Summer Grilling the Cypriot Way
When summer temperatures climb well above 100 degrees in Cyprus, the grilling begins.
On this small island in the eastern Mediterranean, cooking moves outside in the warm weather to wood-fired clay ovens and charcoal grills. When Stelios Papageorgiou and his wife Dora grew up in northern Cyprus in the 1960s, summer meals often came from the grill—especially on weekends, when their fathers grilled kebabs (souvla) and meatballs (sheftalia) outdoors.
Those traditions live on in Cyprus today, with halloumi (a brined cheese made with sheep and/or goat's milk), koupepia (stuffed grape leaves), salads, and pickles round out the grilled meal. "In summer everybody makes souvla," Stelios says. "When you go to visit a friend, souvla, koupepia, sheftalia, and halloumi are always on the table."
Stelios, 55, and Dora, 53, are the longtime owners of Zenon Taverna,* a Greek-Cypriot restaurant in Astoria, Queens—a neighborhood that's home to a famously large community of immigrants from the Greek mainland and neighboring islands. There you can get your very own taste of the Cypriot grilling tradition, souvla and all.
* Stelios and his family fled Cyprus following the 1974 Turkish invasion. Listen to how he became a chef in the U.S. in his own words.
To see just what goes into these specialties, we spent a morning in the kitchen with the Papageorgious and their daughter Elena to see how it's all done. Working in a New York kitchen has its drawbacks—limited grill space means they have to par-cook some dishes under a broiler and finish them on the grill for char—but their recipes haven't changed much from what they learned years ago.
Both seafood and lamb make appearances in Cypriot grilling, but mostly for special occasions; pork is the country's mainstay meat (though notably not among the north's Muslim-Turkish population).
Lountza is a Cypriot pork delicacy that's usually prepared in specialty shops, but when the Papageorgious couldn't find any they decided to make their own. First they marinate pork tenderloin in dry red wine, coriander seeds, salt, and pepper for ten days so it takes on a slightly cured ham-like texture. Then they smoke the meat in an oven.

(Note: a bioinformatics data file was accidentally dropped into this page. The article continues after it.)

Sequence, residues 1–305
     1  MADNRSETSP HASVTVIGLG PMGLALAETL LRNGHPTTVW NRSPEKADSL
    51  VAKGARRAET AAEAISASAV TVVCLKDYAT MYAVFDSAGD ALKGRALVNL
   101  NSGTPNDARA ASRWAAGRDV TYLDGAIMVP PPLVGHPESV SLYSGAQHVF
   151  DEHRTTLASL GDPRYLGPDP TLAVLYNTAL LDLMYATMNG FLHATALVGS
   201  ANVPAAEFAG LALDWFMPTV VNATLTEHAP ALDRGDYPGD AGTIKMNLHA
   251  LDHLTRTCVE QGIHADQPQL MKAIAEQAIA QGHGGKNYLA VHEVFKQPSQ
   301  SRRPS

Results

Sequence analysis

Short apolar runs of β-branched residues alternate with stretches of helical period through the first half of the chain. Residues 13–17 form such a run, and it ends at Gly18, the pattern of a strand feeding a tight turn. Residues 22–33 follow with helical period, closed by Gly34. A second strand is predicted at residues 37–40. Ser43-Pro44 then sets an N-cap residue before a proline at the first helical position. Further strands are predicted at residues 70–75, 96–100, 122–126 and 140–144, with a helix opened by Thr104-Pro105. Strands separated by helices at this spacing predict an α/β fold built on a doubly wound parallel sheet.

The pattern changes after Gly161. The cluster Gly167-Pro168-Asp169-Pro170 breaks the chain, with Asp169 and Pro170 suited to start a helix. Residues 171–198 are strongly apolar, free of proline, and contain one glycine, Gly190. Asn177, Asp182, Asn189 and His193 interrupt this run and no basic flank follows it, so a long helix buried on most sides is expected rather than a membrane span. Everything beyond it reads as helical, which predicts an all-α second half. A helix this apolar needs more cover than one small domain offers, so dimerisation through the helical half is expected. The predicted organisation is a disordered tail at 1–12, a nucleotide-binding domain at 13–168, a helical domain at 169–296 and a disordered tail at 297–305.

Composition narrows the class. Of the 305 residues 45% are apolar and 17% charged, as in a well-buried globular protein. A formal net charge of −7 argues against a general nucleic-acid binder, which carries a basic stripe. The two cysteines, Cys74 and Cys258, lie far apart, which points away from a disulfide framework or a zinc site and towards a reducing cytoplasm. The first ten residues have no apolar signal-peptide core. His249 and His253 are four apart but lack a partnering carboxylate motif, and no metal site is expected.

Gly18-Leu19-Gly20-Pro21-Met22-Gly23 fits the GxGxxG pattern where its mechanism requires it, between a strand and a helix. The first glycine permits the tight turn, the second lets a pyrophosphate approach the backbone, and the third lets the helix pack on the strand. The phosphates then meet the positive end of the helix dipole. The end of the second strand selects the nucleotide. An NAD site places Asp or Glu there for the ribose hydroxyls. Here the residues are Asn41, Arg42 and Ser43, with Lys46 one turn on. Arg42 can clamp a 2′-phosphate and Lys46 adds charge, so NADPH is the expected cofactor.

In Cyprus, dense slices of savory lountza are pressed into panino-like sandwiches with salty halloumi, tomato, and cucumber—a popular beach snack. At Zenon Taverna the dish comes deconstructed: lountza and halloumi get browned under a broiler (a time-saving necessity in a busy kitchen with a small grill) and then lightly charred on the grill. They're plated simply with a sprinkling of fresh lemon juice.
Loukaniko, a fragrant pork sausage, also starts with a cure. Fattier cuts of pork are marinated with red wine, coriander, salt, pepper, and fragrant schinus seeds (from a Cypriot pepper tree), which the Papageorgious bring back from their annual trips to Cyprus. Then they trim the excess fat, grind the meat, and stuff it into pork intestine casings.
As with the lountza, the loukaniko is first cooked under a broiler and then charred quickly on the grill and cut into bit-size pieces as an appetizer. The coarsely ground sausage is fairly lean, all the better to let the bold flavors of the marinade come through. Loukaniko's flavor varies from home to home—some are all about chunks of leek, others about orange peel—but the Papageorgious' sausage keeps coriander front and center, crushed seeds included.
Then there's sheftalia: ground pork, fresh parsley, onion, and breadcrumbs (to absorb some of the fat) mixed into elongated meatballs and wrapped in caul fat. These are grilled all the way through on the grill until the caul fat is well browned and crunchy. They're topped with lemon juice and stuffed into a pita with parsley, tomato, cucumber, onion, and dabs of piccalilli, tahina, or tzatziki.